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Reference type: Journal
Authors: Yoshimi Y, Inaba R, Ogawa T, Yoshino W, Inoue M, Kuwana K
Article Title: Stabilized sensing of heparin in whole blood using the 'gate effect' of heparin-imprinted polymer grafted onto an electrode.
Publication date: 2016
Journal: Molecular Imprinting
Volume: 4
Issue: (1)
Page numbers: 13-20.
DOI: 10.1515/molim-2016-0002
Alternative URL: http://www.degruyter.com/view/j/molim.2016.4.issue-1/molim-2016-0002/molim-2016-0002.xml

Abstract: A real-time heparin monitor is required to optimize the dosage of heparin and its antidote, protamine sulfate, during extracorporeal circulation procedures. The gate effect of molecularly imprinted polymer (MIP) is a potential tool for the rapid and selective sensing of heparin. We here present a method to stabilize the measurement of heparin concentration in whole blood using an MIP-grafted electrode. An initiator of radical polymerization, the diethyldithiocarbamicbenzyl group, was introduced onto the surface of an indium-tin oxide (ITO) electrode. Heparin sodium, methacryloxethyltrimethoxysilane, and acrylamide were dissolved in water, and methylenebisacrylamide was dissolved in dimethylformamide. A mixture of the two solutions was introduced into the 50 μm gap between the surfaces of a quartz crystal plate and the treated ITO electrode. Ultraviolet light was irradiated onto the surface of the ITO to graft the copolymer of the monomers, then the ITO was washed with a 1 M sodium chloride aqueous solution to remove the heparin template and obtain the MIP-grafted electrode. Cyclic voltammetry was performed with the MIP-grafted electrode in physiological saline or bovine whole blood containing 0-8 units/ mL heparin and 5 mM ferrocyanide as a redox marker, and the relationship between the current intensity and the heparin concentration was analyzed. The current intensity decreased as the heparin concentration in either saline or whole blood increased, and the sensitivity of the electrode to heparin in blood was approximately 52% of its sensitivity to heparin in saline. The grafted-electrode was washed with a protease-containing detergent (SterizymeŽ S, Maruishi Pharmaceutical) between measurements in blood. The heparin-sensitivity of the washed electrode in blood was 77% of that in saline. No sensitivity to chondroitin sulfate C was observed but sensitivity to low molecular weight heparin was demonstrated. We thus conclude that selective and stable sensing of heparin can be achieved using an electrode grafted with heparin-imprinted polymer.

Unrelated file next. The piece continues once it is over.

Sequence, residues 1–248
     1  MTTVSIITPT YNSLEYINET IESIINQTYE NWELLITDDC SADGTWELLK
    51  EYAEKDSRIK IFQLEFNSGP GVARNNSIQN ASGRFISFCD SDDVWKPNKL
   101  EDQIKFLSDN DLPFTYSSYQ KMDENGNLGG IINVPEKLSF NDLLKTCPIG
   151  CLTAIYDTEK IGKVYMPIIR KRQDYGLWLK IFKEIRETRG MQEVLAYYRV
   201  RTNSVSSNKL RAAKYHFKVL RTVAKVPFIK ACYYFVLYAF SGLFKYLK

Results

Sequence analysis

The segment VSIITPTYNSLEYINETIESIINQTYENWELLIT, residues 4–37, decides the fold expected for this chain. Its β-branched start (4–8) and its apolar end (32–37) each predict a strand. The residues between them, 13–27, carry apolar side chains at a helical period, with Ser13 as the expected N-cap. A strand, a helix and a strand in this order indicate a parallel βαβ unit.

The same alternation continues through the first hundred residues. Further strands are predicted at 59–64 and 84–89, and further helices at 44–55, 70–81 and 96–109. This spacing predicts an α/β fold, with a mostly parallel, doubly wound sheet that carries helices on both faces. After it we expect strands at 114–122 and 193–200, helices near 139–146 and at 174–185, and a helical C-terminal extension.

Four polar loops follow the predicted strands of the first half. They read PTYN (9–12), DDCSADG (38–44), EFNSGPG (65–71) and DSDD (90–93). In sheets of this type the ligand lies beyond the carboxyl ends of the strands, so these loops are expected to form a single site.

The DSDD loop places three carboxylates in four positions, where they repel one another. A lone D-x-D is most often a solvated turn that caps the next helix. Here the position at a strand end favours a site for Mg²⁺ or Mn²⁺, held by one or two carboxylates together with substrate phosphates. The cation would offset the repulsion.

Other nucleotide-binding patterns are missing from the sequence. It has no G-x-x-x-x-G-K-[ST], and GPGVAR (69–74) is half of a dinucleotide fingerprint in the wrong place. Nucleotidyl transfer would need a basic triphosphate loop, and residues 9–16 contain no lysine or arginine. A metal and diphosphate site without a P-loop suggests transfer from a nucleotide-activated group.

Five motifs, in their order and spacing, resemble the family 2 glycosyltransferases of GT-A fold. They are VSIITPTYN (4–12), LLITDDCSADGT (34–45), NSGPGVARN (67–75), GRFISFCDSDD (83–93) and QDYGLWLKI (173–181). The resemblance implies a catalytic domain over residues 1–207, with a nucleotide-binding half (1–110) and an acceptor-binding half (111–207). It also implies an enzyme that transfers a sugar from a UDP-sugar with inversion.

Template and target information: heparin
Author keywords: Heparin, gate effect, blood, sensor, redox marker, hysteresis

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